‘Pointless’ Goodwill

Iqbal Zargar

ArmyAlmost two decade ago in North Kashmir’s Kupwara district, Indian Army conducted a late night search operation. In that frozen night of December, my friend’s father was picked up as he figured on the suspicion radars. Later his bullet-ridden body was found abandoned in the nearby woods.

My friend, then a 6-year-old, was perhaps too young to make sense of his loss. Yet, he remembers: “That day when the news of Abu’s killing reached us, there was no loud mourning at home. In silence, everyone was shedding helpless tears. Perhaps, time was conspiring. Even loud mourning had its costs!”

A week later, my friend was sent off to Srinagar for schooling. He would visit home only once in a year. While visiting home in the fall of 1998, he observed something very ‘intriguing’. He saw army donning the hat of a pacifist. In his own words: “I saw scores of blank-faced villagers assembled in the courtyard of village school listening army officials who were talking high about a new beginning, a new initiative. Every time army officials spoke, those simpletons would nod their heads in approval.”

He often observed such gatherings whenever he visited home. But it took him a while to understand that all this was done under army’s much-touted Sadbhavana or Goodwill operation. Over the years, he also realised: there aren’t many takers of army’s ‘goodwill gesture’ in valley. In fact, his own acrimony against army deepened over the years, as he believes: “Army made me orphan!”

For him, each and every confidence building measure started by army in the valley is simply at odds with the reality or what he calls “an attempt to wash off its offenses”. Be it army’s civic works or retired General Atta Hasnain’s “heart as weapon” motto; everything is but a farce for my friend: “I am no naysayer; but I can’t accept something which is paradoxical in itself!”

Otherwise expected to guard borders, army launched operation Sadbhavana in 1998 with a motive to “win” the hearts and minds (WHAM) of people by “rebuilding” their lives devastated by conflict.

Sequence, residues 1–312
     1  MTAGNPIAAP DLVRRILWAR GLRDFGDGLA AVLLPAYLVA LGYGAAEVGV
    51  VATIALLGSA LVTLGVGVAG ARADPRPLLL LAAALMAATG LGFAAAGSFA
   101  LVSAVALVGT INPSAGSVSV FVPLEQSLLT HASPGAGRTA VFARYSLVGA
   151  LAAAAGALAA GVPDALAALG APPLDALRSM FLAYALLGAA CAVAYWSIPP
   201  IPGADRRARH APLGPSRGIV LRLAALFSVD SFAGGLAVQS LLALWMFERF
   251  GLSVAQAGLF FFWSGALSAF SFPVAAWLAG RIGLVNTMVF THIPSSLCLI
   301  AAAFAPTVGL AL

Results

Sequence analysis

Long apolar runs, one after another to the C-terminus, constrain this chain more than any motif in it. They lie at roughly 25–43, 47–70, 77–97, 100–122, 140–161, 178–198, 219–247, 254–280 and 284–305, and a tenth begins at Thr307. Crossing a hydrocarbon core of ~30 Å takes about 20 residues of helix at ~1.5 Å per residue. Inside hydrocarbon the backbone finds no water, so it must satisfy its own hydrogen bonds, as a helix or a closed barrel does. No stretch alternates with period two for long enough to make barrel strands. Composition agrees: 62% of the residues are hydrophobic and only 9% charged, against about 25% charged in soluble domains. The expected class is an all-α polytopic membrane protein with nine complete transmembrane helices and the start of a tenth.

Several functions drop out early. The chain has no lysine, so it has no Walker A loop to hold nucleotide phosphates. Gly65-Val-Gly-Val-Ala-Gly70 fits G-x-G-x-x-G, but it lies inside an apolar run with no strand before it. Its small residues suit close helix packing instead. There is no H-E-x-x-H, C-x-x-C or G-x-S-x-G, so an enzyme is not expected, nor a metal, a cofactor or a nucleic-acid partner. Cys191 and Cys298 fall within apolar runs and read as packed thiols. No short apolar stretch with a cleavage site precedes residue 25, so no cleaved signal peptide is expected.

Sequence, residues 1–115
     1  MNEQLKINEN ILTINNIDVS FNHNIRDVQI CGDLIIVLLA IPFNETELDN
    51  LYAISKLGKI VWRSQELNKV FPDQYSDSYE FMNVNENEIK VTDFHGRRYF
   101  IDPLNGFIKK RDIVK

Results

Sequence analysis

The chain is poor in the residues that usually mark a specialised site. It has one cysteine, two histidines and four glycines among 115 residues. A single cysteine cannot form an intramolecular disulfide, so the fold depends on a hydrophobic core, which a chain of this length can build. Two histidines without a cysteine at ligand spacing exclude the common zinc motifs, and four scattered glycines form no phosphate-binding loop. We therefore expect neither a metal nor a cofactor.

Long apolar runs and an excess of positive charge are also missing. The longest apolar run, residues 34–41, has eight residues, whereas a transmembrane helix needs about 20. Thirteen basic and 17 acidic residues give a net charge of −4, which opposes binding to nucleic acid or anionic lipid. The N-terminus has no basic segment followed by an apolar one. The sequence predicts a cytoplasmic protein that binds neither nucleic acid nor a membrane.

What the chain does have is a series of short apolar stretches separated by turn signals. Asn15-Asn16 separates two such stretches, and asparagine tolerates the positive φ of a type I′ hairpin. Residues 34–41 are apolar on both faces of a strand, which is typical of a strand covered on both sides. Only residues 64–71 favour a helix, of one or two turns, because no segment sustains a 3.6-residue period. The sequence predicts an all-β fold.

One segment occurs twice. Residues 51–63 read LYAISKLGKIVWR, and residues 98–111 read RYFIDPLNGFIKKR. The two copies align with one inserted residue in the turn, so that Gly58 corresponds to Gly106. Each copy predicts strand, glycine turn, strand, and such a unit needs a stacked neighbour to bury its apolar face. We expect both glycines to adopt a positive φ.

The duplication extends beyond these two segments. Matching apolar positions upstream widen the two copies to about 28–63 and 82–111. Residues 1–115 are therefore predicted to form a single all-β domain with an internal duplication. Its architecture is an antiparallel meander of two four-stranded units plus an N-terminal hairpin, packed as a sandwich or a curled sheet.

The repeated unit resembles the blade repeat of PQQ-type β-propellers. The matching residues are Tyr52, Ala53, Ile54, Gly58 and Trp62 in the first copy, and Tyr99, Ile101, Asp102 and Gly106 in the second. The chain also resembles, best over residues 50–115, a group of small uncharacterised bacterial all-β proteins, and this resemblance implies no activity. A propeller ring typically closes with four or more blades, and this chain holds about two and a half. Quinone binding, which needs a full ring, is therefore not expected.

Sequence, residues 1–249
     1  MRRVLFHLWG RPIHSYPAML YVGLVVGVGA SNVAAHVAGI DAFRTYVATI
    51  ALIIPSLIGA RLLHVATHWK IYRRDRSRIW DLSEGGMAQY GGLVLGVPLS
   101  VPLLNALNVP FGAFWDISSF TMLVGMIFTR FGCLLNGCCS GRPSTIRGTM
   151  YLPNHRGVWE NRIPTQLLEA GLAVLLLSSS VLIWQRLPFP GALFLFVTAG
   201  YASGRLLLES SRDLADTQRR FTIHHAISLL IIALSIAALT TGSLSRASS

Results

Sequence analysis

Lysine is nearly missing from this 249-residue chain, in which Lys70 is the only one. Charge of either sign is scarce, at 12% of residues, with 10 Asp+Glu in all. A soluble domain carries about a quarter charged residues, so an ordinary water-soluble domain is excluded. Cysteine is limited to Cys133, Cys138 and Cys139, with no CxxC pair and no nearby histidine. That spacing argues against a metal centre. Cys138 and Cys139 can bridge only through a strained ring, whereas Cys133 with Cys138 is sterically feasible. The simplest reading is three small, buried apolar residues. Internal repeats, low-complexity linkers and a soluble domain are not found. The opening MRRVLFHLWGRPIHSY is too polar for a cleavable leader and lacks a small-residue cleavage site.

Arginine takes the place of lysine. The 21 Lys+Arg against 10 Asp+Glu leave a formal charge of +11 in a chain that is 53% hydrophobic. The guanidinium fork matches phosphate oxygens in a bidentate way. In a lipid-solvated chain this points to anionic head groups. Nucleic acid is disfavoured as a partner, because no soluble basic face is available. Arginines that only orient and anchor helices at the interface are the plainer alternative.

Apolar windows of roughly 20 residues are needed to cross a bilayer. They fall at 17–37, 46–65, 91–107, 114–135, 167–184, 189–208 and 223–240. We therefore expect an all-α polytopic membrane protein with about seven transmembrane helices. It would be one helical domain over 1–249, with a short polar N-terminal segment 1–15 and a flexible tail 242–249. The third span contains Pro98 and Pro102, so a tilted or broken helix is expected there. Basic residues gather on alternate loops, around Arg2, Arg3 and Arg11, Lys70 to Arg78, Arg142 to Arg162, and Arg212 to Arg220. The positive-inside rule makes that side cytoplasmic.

To support army’s initiative, ministry of defence allocated Rs 276.08 crore from 1998 to 2008 to promote various multi-faceted activities in the state. It includes running schools and orphanages, constructing roads and bridges, installing hand pumps and electrifying villages, giving free medical services and organising excursion besides education tours.

But inspite of all these works, some analysts believe that Sadbhavana couldn’t woo youth aged between 18 and 21 years that comprise 60 per cent of the state’s population.

In fact, Lt General Arjun Ray who redefined the role of armed forces in the troubled state by credited himself with “scripting” Sadbhavana believes the actual impact of “army’s goodwill” staggers just above 50 per cent of the desired targets. (Ray who wrote his first book Kashmir Diary, The Psychology of Militancy was later awarded the Param Vishisht Seva medal for his distinguished services.)

In the fall of 2014, Indian media floating on embedded journalism projected army as an ultimate “saviours” of Kashmiris caught in worst floods. But once the troubled waters receded, the spin of ‘national’ media backfired. Amid the mounting accounts of local heroics, the army’s PR exercise got ripped apart. The loaded criticism forced army’s top official to commend the local heroism in rescue operations. Besides they admitted that past can’t be ‘wiped out’ by any good works.

Now after floods, Lt General Subrata Saha (GOC of the Srinagar-based army’s 15 corps) says army would play an important role in building Naya Kashmir. Army’s growing passion for valley’s civil affairs has set off scores of views. My friend offers his: “Army’s obsession to lend its ‘helping hand’ in valley’s civil affairs is like a situation where one is leaving me bleeding and then becoming my doctor!”

(The author is a Srinagar based youth who after completing his Masters landed directly into an unemployment mess.)

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